GW secures class space in China center

The GW School of Business came one step closer last week to attaining degree-granting status in China after establishing an official partnership with the Suzhou Industrial Park.

The agreement, which gives GW teaching and office space in the Suzhou Dushu Lake and Science Education Innovation District in eastern China, is the first deal signed with a Chinese government body after the University partnered with Renmin University in Suzhou last fall.

“A direct relationship with the Suzhou government will give us a better chance to get full ministry level approval to become a full degree-granting operation there,” business school dean Doug Guthrie said.

GW will join four other international universities, including the National University of Singapore, in using the new complex, which will be completed in June, Guthrie said.

For the ceremonial signing March 14 with officials from the Suzhou Industrial Park, University President Steven Knapp, Provost Steven Lerman, D.C.’s Deputy Mayor for Planning and Economic Development Victor Hoskins and Guthrie traveled to eastern China.

“Having a D.C. official there was a good thing for us and we’re thankful for the D.C. government,” Guthrie said. “In China, the government and the market are closely tied so they always have people representing the public sector and private sector.”

The University plans to use the space for its advanced programs in finance and accountancy, potential non-degree executive level programs and an undergraduate business degree, which Guthrie said last month could be offered to Chinese students by the fall of 2013.

The business school launched its master of science in finance for 22 Chinese students last October and will add a master of accountancy next fall. The programs are both “1+1,” meaning students will spend one year in Suzhou at the new complex and one year in D.C.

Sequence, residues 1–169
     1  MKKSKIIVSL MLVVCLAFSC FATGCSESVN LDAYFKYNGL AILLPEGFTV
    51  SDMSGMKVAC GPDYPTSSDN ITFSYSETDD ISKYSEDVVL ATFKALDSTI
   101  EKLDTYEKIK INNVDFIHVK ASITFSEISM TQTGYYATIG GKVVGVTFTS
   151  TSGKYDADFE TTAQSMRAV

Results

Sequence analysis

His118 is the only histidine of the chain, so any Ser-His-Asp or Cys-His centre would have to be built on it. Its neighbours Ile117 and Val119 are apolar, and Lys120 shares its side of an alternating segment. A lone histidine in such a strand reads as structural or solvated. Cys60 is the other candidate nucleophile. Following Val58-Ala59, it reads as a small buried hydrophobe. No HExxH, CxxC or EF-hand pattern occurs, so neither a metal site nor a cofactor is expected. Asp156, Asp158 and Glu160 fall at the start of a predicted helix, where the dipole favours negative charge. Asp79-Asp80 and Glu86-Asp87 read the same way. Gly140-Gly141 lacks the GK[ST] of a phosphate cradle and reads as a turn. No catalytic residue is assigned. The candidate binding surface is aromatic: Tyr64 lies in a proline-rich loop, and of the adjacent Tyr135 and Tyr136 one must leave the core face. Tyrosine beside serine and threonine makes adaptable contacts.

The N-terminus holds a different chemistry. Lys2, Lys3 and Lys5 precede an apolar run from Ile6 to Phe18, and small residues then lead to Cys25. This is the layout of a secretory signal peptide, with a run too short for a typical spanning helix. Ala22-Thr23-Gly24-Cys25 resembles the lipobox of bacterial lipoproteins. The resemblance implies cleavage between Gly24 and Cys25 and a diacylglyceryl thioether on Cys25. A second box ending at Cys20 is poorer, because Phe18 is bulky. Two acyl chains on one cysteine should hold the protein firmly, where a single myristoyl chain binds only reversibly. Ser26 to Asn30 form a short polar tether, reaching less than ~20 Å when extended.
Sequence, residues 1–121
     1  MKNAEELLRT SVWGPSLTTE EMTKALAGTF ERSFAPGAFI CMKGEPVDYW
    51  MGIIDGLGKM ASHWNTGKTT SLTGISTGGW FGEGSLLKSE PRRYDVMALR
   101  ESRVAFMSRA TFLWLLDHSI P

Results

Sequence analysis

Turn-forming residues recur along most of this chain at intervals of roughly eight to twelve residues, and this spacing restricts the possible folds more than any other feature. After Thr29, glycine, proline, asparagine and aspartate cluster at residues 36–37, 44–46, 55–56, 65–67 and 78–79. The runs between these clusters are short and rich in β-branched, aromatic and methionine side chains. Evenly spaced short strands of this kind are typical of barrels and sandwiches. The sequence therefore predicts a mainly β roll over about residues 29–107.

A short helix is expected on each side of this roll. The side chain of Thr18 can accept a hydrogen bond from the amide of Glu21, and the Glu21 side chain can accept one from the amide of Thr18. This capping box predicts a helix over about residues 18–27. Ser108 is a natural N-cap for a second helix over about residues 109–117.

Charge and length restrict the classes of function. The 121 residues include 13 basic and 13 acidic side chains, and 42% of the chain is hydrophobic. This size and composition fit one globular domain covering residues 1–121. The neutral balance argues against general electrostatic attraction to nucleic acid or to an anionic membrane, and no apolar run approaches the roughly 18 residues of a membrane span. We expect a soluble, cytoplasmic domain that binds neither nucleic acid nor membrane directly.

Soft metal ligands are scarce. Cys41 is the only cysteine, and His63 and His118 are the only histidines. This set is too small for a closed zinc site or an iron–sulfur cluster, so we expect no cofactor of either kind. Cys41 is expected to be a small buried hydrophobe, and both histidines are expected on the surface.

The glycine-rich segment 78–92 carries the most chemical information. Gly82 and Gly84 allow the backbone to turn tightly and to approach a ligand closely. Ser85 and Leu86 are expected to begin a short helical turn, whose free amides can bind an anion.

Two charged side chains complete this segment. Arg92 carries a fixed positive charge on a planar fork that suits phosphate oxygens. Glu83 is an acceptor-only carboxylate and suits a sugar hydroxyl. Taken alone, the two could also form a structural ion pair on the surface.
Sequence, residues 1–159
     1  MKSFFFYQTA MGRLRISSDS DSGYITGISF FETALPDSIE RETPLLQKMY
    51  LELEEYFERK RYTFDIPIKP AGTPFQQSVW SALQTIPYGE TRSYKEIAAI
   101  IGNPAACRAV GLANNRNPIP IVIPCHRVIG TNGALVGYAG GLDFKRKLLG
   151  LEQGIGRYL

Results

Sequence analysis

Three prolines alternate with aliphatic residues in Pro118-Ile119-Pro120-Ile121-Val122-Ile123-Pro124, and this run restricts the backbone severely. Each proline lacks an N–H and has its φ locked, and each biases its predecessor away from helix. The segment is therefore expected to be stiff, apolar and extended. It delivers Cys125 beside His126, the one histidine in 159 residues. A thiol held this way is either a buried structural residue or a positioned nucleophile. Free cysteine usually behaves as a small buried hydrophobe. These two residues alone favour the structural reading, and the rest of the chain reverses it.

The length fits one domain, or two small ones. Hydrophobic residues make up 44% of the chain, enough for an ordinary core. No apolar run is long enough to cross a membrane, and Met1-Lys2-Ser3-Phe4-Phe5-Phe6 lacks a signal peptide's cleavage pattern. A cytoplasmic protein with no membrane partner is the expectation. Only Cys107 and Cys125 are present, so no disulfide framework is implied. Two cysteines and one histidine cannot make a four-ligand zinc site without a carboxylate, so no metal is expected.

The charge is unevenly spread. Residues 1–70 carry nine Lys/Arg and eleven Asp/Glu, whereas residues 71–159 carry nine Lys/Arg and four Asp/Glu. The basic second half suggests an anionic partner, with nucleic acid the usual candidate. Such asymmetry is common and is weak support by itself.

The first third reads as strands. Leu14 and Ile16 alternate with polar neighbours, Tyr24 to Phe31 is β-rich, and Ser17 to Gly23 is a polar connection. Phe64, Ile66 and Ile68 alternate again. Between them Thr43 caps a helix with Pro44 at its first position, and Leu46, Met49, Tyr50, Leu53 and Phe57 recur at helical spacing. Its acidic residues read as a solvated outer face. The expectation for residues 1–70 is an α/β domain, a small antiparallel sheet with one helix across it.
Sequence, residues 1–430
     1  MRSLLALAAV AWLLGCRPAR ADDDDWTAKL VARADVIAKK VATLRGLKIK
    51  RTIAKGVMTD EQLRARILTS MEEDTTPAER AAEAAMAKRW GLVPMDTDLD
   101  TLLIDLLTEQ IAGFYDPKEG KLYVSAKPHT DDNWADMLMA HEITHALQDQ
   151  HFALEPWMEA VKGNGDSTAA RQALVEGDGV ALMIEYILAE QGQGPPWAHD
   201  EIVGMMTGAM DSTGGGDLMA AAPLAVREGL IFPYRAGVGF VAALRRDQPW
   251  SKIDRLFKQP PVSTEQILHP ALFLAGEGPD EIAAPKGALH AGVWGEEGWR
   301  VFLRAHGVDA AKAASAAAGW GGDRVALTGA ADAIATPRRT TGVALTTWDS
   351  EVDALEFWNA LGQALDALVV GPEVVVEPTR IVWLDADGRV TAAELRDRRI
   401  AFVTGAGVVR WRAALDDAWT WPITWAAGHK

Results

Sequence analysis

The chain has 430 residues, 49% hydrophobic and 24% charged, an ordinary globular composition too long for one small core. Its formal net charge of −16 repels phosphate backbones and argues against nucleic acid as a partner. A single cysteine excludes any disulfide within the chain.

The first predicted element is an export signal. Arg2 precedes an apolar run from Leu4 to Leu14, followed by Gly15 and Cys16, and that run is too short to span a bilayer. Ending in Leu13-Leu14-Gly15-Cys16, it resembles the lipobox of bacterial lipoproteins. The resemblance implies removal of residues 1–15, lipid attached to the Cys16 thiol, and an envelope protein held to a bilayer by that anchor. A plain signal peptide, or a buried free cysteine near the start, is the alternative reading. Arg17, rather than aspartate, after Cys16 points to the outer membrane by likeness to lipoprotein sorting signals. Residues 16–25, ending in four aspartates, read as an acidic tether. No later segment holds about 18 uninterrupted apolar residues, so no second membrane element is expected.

The undergraduate business program, which would be run through both the business school and the Columbian College of Arts and Sciences, could hold classes on three continents, contingent on approval by the country’s Ministry of Education.

“We are committed to establishing an enduring presence in China,” University President Steven Knapp said.

Developing a curriculum for the program will be difficult, said Karin Fischer, a senior reporter at The Chronicle of Higher Education who specializes in global education.

The Chinese education system, Fischer said, consists of “a lot of lecturing and not a lot of group and project work, which is very common in business schools.”

Fischer, who went to China in January to report on higher education trends there, predicted that students will want to ensure that they will receive the same education in Suzhou as they would in its D.C. counterpart.

At New York University’s Shanghai program, which was announced last year as part of a global network of international campuses, “cultural differences have not been an issue in developing the curriculum,” Mattie Bekink, the program’s director for NYU Shanghai, said.

The business school will also look to capitalize on Chinese students’ booming demand for American education.

A poll released Monday by the higher education consulting group Art and Science Group found that 78 percent of Chinese high school students were interested in attending college in the U.S. About 45 percent said they were worried they would not be academically prepared.

Guthrie said Chinese students expect a change from Chinese institutions when they sign on for classes with an American university.

He said the University’s use of its own professors instead of “local adjuncts” would help distinguish the program from neighboring branch campuses and set a high academic bar.

“In any group you have to adapt,” Guthrie said. “But our teaching methods won’t be too different. We’re offering a GW degree, so we want them to be innovative. They’re coming to a U.S. university for that reason.”

Cory Weinberg contributed to this report.

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